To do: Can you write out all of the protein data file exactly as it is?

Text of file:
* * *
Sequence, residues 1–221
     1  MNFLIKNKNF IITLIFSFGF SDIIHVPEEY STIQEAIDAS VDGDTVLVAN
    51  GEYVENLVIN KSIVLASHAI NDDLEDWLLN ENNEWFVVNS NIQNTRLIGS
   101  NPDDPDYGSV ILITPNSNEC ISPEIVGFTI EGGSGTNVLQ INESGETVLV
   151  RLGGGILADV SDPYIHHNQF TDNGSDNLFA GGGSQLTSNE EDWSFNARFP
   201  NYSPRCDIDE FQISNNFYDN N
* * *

Sequence, residues 1–221
     1  MNFLIKNKNF IITLIFSFGF SDIIHVPEEY STIQEAIDAS VDGDTVLVAN
    51  GEYVENLVIN KSIVLASHAI NDDLEDWLLN ENNEWFVVNS NIQNTRLIGS
   101  NPDDPDYGSV ILITPNSNEC ISPEIVGFTI EGGSGTNVLQ INESGETVLV
   151  RLGGGILADV SDPYIHHNQF TDNGSDNLFA GGGSQLTSNE EDWSFNARFP
   201  NYSPRCDIDE FQISNNFYDN N